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Treat others as you want to be treated – this is a rather popular adage but in the world of phone tracking, it does not seem to apply! A lot of people would like to do the tracing and tracking but would not like the same treatment meted out to them.

Why do people track phones?

There are multiple reasons why tracking phones has become a rather common thing to do. Some of the most popular reasons according to cellphonetracker.com are:

  • Parents trying to keep track of their children.
  • Employers tracing the routes of their employees.
  • Spouses spying on each other in the belief that there is something ‘not quite ‘
  • Friends keeping track of each other and so on.

Technology has made great advances indeed, and it has now become easier than ever before to use it to keep track of a phone.

How does it work?

Typically, one installs a mobile app on the phone, and after a few more steps to activate the application, it is up and running. Most of these apps offer a basic and an upgraded version. Each of these versions has a specific set of advantages to offer.

For instance, in the basic version of one app you may be able to track only 2 devices for 24 hours, but in an upgraded or pro version you can track a significantly larger number of devices for 72 hours.

And now the ‘why’ of it all

There may be different motives behind the installation and use of a tracking app. But ask someone who is doing the tracking whether they would like to be tracked, and you might just hear a resounding ‘no way.’ So what is it about tracking that elicits this kind of response?

The basic philosophy of tracking seems to be the subterfuge angle. People associate tracking with:

  • Being monitored.
  • Being controlled.
  • Privacy infringement.
  • Operating in stealth mode.
  • Tool for spying on private affairs and so on.

Given this framework, nobody would really subject themselves to being tracked, isn’t it?

On the other hand, for the people who use tracking software or mobile apps, the answers or justification lies in aspects such as:

  • Protecting their family or loved ones.
  • Keeping track of someone who is far away – maybe a senior parent living alone.
  • Ensuring the safety of children in an increasingly dangerous world.
  • Proving the infidelity of a spouse – from the moral point of view and so on.

Uses of tracking

If you were to step out of the privacy point of view, then you will see that there are a lot of uses for tracking apps. Start with the fact that when you install it on your own phone, you can log into your account on your laptop to trace a missing phone. Everyone has misplaced their phones at some point or the other. The phone has been misplaced, or the phone has been stolen – the end result is that the phone is missing from your vicinity. It takes you a few seconds to log onto your account to trace it. Now that’s a nice feature to have, isn’t it?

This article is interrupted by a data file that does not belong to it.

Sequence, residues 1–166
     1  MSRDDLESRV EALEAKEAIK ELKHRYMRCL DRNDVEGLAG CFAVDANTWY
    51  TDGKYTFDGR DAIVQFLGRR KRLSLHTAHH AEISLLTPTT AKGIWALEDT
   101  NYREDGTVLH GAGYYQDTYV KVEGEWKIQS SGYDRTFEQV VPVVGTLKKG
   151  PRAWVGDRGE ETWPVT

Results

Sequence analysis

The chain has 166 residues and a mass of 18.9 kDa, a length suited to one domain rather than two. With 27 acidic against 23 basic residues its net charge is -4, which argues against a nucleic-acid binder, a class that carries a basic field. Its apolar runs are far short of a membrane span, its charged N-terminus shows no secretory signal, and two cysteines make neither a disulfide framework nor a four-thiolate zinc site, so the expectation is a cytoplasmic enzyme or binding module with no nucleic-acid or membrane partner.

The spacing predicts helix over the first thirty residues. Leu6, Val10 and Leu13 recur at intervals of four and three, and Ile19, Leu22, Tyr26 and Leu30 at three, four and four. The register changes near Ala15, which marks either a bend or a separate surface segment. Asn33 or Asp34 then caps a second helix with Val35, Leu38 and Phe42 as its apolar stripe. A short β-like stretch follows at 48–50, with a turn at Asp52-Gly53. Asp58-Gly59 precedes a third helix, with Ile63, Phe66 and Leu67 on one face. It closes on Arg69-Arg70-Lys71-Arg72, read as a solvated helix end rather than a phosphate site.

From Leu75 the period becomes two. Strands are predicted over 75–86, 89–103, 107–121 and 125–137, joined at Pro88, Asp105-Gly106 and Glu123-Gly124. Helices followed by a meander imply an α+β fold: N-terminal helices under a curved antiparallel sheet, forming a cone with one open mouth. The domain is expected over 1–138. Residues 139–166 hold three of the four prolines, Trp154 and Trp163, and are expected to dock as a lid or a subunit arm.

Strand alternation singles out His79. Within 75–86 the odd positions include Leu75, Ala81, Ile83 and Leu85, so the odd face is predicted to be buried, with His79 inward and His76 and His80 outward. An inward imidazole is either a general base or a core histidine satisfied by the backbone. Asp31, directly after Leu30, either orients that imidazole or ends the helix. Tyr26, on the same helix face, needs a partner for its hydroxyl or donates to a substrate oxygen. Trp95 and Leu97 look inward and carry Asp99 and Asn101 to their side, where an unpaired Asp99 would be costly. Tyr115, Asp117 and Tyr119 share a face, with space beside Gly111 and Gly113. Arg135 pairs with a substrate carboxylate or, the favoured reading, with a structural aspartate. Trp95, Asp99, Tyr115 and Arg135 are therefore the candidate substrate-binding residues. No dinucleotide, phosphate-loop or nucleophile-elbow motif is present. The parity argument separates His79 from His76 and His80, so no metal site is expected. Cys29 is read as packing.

Protecting your loved ones is also something that can be done in a more holistic manner with the help of an app. Everybody knows that today’s world is a more dangerous place than it was ever before. Every child also has a phone which can become a huge game changer in tracking their whereabouts. But here is where the second half of the title comes into play – “not want to be tracked.”

Combat this by talking to your children about the app and why it is being installed and more importantly how it is going to be used. Sticking to this transparent contract will surely help break down the barriers traditionally associated with tracking. It will also help the child in staying with the app and not uninstalling it because they feel their privacy is being threatened.

Use of data

Another reason why people want to track but not be tracked is the use of the information. Recent news has been rife with the government using technology and tracking apps to monitor cell phones. That this can happen even without you knowing about it is cause for concern for a lot of people. But when the tracking is done for personal use – the intent for the use of information should be clear. Sometimes yes, this intent is not made clear to the individual whose phone is being tracked.

There is no doubt that tracking is a double edged sword. It can be used for bonafide and malafide intent. The people using this technology to track will find many ways to justify use. But the bottom line really is the information associated with the app and the people using the same.

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